Surprising Five-Star Reviews

First off, it should be noted that my five-star reviews are completely subjective. Basically I give books five stars completely based on mood and how I felt in the moment.

In an effort for full-disclosure, when it comes to most of my reviews on Goodreads, I rate the book before I finish. I'm not one who thinks an ending makes up for the rest of the book. If I enjoyed the ride AND the ending, then it gets five stars.

Keys to the Demon Prison by Brandon Mull: This is the fifth in the Fablehaven Series. I completely enjoyed this fanciful series. And laughed out loud on many occasions. These books are not meant to be taken seriously and that's why I found them so fun.

The Life of Pi by Yann Martel: I read this in the early 2000's, and by read I mean listened to. I had an iPod Shuffle that hung around my neck with a white chord. And I remember when I finished it, I was mowing the front lawn. The ending made me stop in the middle of the job and just stare at the grass. "Did I hear that right?" is the question I asked Dad. "Yep. What did you think?" "Well, that was an amazing ride." The first half of the book, our character Pi takes us through his view of religions and what it's like to grow up in a zoo. The last half is an adventure thriller of the best kind. The Life of Pi completely captivated me from start to finish.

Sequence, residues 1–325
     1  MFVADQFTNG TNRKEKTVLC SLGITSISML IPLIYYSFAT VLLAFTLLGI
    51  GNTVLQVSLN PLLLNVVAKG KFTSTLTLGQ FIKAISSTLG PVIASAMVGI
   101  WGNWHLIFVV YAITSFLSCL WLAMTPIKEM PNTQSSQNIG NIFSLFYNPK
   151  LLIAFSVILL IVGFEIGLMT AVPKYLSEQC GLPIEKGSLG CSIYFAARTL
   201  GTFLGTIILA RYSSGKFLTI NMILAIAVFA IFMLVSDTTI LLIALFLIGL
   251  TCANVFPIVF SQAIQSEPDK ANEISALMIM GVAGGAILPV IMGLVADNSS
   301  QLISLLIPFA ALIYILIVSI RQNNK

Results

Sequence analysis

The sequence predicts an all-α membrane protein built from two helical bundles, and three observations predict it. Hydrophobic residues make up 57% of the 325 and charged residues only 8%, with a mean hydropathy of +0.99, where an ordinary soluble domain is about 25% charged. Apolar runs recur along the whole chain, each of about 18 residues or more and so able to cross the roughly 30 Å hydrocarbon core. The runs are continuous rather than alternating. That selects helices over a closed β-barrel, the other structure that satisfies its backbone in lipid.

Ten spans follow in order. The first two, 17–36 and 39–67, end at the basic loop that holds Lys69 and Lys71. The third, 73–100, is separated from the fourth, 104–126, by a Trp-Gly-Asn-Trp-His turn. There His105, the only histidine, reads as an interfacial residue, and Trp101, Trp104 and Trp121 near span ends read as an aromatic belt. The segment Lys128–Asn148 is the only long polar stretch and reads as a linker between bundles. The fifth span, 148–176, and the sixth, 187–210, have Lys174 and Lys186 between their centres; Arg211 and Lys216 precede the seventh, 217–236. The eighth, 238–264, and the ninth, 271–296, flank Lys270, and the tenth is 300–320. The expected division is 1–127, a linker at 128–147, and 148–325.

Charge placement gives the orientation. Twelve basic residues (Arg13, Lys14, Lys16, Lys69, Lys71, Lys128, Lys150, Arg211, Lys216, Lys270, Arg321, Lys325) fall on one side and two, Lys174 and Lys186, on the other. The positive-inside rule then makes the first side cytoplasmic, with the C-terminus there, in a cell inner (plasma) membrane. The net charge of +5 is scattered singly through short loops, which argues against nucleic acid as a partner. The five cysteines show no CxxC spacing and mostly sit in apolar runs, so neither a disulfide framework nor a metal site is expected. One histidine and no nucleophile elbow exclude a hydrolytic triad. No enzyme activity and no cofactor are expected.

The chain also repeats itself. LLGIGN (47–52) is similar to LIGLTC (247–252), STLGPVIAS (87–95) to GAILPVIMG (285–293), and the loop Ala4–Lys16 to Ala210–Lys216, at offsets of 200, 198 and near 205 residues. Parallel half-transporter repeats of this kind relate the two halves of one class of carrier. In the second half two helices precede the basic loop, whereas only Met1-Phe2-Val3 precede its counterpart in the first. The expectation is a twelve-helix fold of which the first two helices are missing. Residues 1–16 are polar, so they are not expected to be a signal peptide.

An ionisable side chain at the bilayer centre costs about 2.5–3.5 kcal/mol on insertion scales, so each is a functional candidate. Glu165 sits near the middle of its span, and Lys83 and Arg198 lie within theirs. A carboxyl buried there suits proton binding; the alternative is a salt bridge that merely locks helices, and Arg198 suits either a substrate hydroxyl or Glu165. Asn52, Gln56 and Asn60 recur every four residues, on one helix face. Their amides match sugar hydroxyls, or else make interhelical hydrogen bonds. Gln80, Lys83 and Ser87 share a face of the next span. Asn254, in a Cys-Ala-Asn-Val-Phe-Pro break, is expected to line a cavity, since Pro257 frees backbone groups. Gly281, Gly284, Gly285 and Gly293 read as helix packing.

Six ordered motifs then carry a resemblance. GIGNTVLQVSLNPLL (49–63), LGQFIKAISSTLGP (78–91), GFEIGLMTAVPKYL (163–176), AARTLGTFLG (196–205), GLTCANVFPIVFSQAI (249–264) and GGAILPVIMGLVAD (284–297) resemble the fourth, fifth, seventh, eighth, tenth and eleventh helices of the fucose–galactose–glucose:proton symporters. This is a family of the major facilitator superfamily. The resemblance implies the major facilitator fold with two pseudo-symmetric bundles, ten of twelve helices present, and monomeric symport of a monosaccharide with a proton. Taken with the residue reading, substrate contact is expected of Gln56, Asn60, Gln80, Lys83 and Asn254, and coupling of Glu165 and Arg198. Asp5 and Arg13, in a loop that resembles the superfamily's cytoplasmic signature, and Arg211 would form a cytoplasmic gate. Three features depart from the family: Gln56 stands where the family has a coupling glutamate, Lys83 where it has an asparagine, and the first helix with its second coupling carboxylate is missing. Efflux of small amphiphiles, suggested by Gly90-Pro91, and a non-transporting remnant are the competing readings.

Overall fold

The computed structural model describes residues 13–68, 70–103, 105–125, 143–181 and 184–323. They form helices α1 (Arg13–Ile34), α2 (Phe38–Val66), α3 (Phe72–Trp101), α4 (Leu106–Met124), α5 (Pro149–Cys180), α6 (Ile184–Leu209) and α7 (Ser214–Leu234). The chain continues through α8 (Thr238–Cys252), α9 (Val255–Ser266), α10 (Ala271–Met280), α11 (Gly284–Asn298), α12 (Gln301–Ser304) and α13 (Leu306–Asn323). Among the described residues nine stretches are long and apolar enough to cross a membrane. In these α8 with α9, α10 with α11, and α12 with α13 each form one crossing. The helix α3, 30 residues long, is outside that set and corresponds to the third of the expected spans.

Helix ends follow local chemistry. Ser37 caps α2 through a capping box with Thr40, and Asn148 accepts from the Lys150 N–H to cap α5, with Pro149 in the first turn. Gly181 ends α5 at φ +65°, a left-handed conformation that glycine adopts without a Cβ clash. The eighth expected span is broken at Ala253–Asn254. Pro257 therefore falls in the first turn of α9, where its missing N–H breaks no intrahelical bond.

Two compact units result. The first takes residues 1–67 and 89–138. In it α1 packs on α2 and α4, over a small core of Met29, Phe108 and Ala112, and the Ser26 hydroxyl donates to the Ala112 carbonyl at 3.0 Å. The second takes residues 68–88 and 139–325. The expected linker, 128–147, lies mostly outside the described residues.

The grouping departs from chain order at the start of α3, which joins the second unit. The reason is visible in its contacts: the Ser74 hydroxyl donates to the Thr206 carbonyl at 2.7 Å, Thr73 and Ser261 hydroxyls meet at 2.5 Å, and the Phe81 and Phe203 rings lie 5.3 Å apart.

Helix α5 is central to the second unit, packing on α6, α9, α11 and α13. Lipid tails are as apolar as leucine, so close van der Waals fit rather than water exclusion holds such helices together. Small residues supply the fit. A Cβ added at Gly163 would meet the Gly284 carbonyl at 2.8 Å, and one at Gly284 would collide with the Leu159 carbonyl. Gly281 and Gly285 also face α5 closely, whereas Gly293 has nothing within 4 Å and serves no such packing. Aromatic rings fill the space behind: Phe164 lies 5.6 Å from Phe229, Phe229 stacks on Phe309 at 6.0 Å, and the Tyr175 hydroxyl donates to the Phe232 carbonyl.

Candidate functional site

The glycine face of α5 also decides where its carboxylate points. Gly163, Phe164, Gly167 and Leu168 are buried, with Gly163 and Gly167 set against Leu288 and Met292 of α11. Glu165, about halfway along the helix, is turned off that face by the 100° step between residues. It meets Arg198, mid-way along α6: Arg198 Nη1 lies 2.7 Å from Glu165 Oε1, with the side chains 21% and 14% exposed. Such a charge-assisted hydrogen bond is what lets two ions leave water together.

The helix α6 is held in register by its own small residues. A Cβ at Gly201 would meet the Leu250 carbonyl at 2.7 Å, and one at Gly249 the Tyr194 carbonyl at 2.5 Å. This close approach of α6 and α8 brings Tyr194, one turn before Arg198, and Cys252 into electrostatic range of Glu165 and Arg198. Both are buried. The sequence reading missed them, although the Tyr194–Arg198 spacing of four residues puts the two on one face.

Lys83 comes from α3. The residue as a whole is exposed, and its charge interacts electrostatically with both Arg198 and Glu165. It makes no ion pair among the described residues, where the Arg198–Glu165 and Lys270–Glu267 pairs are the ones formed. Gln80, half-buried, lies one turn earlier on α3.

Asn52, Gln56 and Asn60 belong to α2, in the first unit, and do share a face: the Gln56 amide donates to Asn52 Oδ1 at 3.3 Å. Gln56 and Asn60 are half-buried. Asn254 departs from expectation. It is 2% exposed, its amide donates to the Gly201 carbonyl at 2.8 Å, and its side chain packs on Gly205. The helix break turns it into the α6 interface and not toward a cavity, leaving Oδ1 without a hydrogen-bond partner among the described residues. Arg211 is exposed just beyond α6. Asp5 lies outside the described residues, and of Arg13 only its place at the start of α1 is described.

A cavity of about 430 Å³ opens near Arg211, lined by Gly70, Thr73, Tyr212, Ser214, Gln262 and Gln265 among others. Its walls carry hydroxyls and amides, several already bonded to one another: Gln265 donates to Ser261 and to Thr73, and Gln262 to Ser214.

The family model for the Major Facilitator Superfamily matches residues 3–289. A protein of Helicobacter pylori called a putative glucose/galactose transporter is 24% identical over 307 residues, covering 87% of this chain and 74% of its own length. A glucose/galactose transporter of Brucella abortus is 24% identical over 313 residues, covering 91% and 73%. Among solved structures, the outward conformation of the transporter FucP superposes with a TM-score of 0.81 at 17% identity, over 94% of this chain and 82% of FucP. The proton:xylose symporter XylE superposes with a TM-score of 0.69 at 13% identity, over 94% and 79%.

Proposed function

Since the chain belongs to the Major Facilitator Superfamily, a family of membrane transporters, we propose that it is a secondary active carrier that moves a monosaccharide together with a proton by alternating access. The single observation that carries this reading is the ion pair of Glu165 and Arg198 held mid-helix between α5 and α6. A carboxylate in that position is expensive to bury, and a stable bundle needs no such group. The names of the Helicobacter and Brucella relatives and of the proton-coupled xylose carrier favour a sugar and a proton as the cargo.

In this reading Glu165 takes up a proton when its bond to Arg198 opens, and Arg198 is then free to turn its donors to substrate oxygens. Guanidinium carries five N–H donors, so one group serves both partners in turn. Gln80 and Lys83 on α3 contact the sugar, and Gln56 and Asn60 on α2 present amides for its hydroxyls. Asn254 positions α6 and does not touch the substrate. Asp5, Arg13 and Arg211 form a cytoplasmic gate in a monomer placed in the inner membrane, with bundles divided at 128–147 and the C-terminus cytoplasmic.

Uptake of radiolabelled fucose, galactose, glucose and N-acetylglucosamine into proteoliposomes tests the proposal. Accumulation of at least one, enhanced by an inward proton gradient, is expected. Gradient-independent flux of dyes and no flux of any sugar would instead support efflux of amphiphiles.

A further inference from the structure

Beauty by Robin McKinley: This book is such a fun take on Beauty and the Beast. I really enjoy Robin McKinley's writing but haven't read anything else by her. I've read this book several times and have enjoyed it each time.

The Enchanted April by Elizabeth von Arnim: This book was completely a lark. Made even more delightful by the fact that I had been in April the year before and could easily imagine the setting. I find it completely enjoyable to read books about places I'd been before. Let alone add cute little love stories. 

The Lost World by Sir Arthur Conan Doyle: This adventure story completely surprised me. Fantastic writing and a strangely captivating storyline. There are really odd moments about non-humans that they run into, but besides that. A super fun enterprise.

What offbeat five star reads do you have?

Jessica SmithComment
The Writing... Oh the Writing